Category: Getting Married

How long does it take to get a divorce?

If you and your partner have decided to get a divorce, you’ll probably want to get things settled as quickly and painlessly as possible.

Unfortunately, getting a divorce can sometimes be complicated and the timescales for getting one can vary significantly.

How long it will take from filing for a divorce to receiving your decree absolute is dependent on several factors including:

How quickly you reach an agreement
If you and your partner reach a straightforward agreement, then this is called an uncontested divorce. Uncontested divorces are usually much quicker to settle than contested divorce.

If you cannot reach an agreement about the terms of your divorce, then you will be required to attend mediation followed by court if the dispute still cannot be resolved. This can cause the process to drag on and take much longer than an uncontested divorce.

Whether any children are involved

If you and your partner have children, then it may take longer to iron out all the terms of your divorce relating to custody and child maintenance payments.

How many assets are owned
The more assets that you and your partner own, the more complicated and time-consuming the process of dividing your assets is likely to be. Just some of the assets that will need to be considered include property, savings, pensions, and vehicles.

How busy the Court of Administration’s processing centre is
Even if you come to an agreement quickly and fill out and return all documentation promptly, if the Court of Administration’s processing centre is very busy and have a backlog of work, this can hold things up.

Average timescale for a divorce in the UK

Once an agreement has been reached and a divorce has been filed for, the average time to receive a decree absolute is around 12 months.

For further help or advice with divorce law or beginning divorce proceedings, give our team of family law solicitors here at Lund Bennett a call on 0161 927 3118.

Forced Marriage Protection Orders and Non- Molestation Orders

A case that is prominent in the headlinesat the moment involves Princess Haya of Jordan, the estranged wife of Sheikh Mohammed bin Rashid al-Maktoum, ruler of Dubai. She is asking for a forced marriage protection order relating to their children and a non-molestation order against her husband following the breakdown of their marriage.

The coverage of this case illustrates that the issues raised by these types of Orders can affect people from all walks of life.

What is a Forced Marriage Protection Order?

A forced marriage protection order is a civil remedy to prevent people from being forced into marriage against their will. They can also protect those who have already been forced into marriage. In the majority of cases the person involved has received pressure from family members to marry against their will.

Whilst forced marriage is a crime in the UK, many people are reticent from reporting members of their own family to the police and pursuing criminal charges. A Forced Marriage Protection Order is an alternative to this and can provide protection. They and can also have a power of arrest attached if the court believes the respondent has used or threatened violence against the applicant or is in breach of the Order.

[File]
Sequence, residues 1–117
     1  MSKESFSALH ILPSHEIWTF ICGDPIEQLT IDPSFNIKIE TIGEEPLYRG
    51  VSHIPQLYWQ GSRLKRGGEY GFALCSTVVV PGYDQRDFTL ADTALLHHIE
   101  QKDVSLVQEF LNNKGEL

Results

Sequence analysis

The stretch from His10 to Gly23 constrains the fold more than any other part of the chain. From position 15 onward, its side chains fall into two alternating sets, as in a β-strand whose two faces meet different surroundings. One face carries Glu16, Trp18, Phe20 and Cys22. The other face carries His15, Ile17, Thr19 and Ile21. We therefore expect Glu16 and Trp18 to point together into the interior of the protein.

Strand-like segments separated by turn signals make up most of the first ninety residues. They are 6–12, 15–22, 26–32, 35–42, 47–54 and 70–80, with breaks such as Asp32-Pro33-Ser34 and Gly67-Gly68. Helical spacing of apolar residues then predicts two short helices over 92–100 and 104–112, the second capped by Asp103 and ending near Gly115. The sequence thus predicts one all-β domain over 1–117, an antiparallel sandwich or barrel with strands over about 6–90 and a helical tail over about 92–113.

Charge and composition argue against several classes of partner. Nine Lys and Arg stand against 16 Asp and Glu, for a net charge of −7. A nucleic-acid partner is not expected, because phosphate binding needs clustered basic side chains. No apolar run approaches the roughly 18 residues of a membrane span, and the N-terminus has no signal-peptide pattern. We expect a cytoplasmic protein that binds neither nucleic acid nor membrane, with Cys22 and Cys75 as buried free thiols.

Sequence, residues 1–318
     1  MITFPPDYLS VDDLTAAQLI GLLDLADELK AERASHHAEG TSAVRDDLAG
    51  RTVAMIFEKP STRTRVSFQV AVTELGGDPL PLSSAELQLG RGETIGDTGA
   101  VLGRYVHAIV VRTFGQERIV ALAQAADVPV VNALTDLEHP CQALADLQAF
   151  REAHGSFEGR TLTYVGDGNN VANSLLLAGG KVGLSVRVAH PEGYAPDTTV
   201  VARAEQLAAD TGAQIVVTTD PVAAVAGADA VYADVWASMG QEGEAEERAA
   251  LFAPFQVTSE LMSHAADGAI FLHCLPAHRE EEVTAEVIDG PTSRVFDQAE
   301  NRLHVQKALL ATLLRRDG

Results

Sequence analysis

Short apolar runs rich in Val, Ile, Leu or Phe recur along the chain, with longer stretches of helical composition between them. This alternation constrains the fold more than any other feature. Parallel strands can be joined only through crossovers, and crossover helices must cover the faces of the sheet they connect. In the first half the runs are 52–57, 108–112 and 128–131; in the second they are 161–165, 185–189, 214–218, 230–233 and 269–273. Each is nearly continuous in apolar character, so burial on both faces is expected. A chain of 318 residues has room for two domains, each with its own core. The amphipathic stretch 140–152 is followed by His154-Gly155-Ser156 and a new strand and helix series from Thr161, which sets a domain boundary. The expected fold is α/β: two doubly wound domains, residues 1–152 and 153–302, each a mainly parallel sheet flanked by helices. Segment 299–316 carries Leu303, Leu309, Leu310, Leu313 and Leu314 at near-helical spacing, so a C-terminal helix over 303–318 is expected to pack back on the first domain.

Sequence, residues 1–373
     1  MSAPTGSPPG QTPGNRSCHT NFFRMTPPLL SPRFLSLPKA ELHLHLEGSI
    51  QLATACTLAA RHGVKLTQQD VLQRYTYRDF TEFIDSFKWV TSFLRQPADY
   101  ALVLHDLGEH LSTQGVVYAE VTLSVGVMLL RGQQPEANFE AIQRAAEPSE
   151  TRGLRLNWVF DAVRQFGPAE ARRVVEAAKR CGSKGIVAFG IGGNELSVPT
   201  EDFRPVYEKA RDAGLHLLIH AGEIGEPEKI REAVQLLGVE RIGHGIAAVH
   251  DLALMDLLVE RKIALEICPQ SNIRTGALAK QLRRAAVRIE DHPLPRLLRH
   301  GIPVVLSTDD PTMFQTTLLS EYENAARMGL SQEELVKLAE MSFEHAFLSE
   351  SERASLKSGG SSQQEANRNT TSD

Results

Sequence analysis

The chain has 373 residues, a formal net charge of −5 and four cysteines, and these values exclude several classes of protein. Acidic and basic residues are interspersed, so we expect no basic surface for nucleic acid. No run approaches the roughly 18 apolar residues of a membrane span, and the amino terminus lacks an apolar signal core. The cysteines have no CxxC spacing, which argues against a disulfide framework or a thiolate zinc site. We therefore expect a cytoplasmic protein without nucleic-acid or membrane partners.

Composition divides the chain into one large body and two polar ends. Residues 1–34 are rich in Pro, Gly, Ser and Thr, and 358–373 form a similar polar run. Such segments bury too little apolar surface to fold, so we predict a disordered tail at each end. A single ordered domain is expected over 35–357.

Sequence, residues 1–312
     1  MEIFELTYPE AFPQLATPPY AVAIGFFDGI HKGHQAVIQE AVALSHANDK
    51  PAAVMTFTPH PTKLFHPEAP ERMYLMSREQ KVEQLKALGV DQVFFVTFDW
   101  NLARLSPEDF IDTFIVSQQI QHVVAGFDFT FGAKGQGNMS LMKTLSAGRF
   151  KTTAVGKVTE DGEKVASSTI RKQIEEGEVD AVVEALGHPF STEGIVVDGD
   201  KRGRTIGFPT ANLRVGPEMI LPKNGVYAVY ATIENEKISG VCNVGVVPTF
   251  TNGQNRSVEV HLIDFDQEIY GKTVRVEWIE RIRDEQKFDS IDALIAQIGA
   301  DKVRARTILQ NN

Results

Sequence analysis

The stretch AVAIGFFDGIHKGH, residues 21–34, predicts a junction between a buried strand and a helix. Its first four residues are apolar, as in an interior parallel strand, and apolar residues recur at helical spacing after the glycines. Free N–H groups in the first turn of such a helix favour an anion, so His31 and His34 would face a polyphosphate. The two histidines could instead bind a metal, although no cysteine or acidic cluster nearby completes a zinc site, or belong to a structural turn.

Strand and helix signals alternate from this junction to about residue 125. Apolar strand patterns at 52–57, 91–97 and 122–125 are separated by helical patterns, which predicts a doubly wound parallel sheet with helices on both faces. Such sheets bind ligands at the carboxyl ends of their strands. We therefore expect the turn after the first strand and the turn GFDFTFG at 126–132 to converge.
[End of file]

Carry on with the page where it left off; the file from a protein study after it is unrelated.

What is a Non-Molestation Order?

Non-molestation orders can protect against violence or harassment by a partner, ex-partner or family member. These can be useful for people who still need protection from the court in situations where the Police have confirmed they won’t be pursuing criminal charges.

A Non-Molestation Order allows the family court to impose restrictions on the partner’s ability to contact a person and this can be extended to attendance at a person’s property and methods of communication. These types of Orders are usually made for either 6 or 12-months duration. Any breach of these Orders is a criminal offence and should be reported to the Police.

Is It Worth Getting Married These Days?

Marriage is being brought into question more than ever these days and for some couples, simply living together is preferable. Some people view marriage as a huge expense just for a piece if paper. They me even live together for decades and have children in the process. So, is entering into a marriage or civil partnership worth it?  

The short answer from a legal perspective is yes if you want to protect areas such as inheritance and save on huge tax bills either for those left behind when you die or a partner die. While this is not an article designed to promote marriage, indeed for some couples it can be preferable not to pass on their assets to a partner when they die, let’s highlight how being married can save a number of legal headaches.  

Perhaps the biggest consideration for mature unmarried couples is the will. If your partner dies you won’t inherit anything and the best you can hope for is some provision towards living costs. If you had children together inheritance will pass to them. If there are no children then your partners family members will be next in line to inherit as part of Intestacy Rules.  

The next potential issue is inheritance tax. Couples who marry will and leave everything to their spouse will have ensured no inheritance tax is due on the estate. The opposite is true for unmarried couples where IHT can take away a significant chunk of the inheritance.  

These potential outcomes are avoided if a couple decides to marry and there have been some high-profile cases where a person has decided to marry just before death for this very reason.